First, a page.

When Debra Lafave, the former Tampa, Fla., teacher accused of having sex with her 14-year-old student, learned that state prosecutors had dropped charges against her, she called her ordeal "a bump in the road."
"I'm a strong Christian woman and I believe God has a path for me and this was just a bump in the road," she said.
John Fitzgibbons, Lafave's lawyer, acknowledged that Lafave referring to having sex with her student as a "bump in the road" could offend people, but said she was also referring to her struggle with bipolar disorder.
"Well, yes, but on the other hand she suffers from a serious mental illness and there were six psychiatrists who were prepared to testify had we gone to trial that she is indeed mentally ill," he told "Good Morning America." "She is being treated now and is a different person than she was a couple of years ago and she recognizes how serious that situation was."
He also said this was Lafave's way of showing optimism for what lies ahead.
"This has been a long ordeal," Fitzgibbons told "Good Morning America," "but she's optimistic and I think she's looking at this on a long-term basis and she'll go on with her life and have a good life."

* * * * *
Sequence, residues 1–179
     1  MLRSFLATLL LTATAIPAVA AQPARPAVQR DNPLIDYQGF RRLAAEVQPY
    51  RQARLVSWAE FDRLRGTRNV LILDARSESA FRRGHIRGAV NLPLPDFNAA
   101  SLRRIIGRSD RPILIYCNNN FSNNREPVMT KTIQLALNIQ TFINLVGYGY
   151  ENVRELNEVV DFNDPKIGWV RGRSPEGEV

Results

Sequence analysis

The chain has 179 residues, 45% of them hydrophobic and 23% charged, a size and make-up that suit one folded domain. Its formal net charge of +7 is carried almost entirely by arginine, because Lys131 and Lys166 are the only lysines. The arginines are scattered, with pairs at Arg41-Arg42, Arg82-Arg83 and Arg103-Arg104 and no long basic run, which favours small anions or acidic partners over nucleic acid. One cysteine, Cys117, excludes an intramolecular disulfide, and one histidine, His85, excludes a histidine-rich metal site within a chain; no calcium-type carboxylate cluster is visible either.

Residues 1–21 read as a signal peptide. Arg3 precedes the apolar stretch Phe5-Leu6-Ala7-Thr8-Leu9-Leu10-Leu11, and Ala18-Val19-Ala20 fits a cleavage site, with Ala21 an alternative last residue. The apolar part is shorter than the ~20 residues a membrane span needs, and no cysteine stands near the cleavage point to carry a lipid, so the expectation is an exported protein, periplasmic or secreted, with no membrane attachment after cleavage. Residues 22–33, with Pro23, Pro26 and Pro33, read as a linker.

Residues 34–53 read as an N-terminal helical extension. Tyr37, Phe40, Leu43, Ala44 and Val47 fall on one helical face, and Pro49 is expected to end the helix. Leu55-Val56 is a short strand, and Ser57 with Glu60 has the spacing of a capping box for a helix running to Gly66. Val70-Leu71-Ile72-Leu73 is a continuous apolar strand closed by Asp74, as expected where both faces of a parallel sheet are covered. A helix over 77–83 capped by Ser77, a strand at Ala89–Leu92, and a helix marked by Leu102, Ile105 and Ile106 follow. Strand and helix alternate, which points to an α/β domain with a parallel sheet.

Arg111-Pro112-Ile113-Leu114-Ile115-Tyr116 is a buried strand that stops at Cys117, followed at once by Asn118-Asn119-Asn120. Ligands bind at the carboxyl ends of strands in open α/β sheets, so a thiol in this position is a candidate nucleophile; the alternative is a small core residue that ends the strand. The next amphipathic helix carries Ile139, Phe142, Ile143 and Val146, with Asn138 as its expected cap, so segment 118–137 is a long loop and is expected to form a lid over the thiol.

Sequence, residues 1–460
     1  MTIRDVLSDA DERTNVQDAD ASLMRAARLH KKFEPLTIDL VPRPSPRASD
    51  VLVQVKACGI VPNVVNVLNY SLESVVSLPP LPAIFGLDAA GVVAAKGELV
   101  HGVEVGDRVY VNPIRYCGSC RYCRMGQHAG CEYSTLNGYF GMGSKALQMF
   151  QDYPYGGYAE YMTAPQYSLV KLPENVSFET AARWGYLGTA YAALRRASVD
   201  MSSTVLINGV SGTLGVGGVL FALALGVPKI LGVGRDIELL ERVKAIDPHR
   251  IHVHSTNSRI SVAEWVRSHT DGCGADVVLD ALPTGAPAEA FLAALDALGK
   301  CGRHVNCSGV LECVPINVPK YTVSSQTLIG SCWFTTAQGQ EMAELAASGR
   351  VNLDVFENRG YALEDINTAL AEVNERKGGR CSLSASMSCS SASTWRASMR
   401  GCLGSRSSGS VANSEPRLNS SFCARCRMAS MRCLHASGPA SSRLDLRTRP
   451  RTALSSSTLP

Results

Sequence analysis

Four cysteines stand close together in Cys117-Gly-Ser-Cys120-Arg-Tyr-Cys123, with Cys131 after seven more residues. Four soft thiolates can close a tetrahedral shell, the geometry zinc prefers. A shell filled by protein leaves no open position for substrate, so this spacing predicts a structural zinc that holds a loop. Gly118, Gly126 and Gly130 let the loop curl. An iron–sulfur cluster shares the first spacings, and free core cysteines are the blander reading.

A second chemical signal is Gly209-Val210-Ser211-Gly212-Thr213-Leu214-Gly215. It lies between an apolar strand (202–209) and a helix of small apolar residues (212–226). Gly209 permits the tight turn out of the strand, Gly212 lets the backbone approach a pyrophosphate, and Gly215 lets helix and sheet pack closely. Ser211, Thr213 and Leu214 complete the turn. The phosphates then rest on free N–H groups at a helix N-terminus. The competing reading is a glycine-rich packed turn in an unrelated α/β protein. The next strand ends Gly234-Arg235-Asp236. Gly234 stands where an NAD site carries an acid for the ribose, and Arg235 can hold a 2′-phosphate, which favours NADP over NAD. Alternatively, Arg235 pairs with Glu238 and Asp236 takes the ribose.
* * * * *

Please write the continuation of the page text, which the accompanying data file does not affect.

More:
Florida state prosecutors dropped charges against Lafave, 25, after a Marion County judge rejected their second plea agreement. The plea agreement would not have required Lafave to serve any time in prison.
Still, Lafave isn't going completely without punishment. In November, a judge in Hillsborough County sentenced her to three years of house arrest and seven years probation, after she pleaded guilty to two counts of lewd and lascivious battery under a plea deal there. She had been charged with having sex with the boy in a classroom and at her home.
Her lawyer said that the charges in Marion County, related to an incident in which she allegedly had sex with her student in her sport utility vehicle as the boy's cousin drove, might have been dropped because of her mental illness.
"I think that was a big factor, plus the wishes of the family and the young man not to go forward with this case," Fitzgibbons said. "I think in summary, this was a good result for everyone."
"And I'm confident that this would never, ever happen again and probably would not have had she been properly diagnosed and received the proper medications," he added.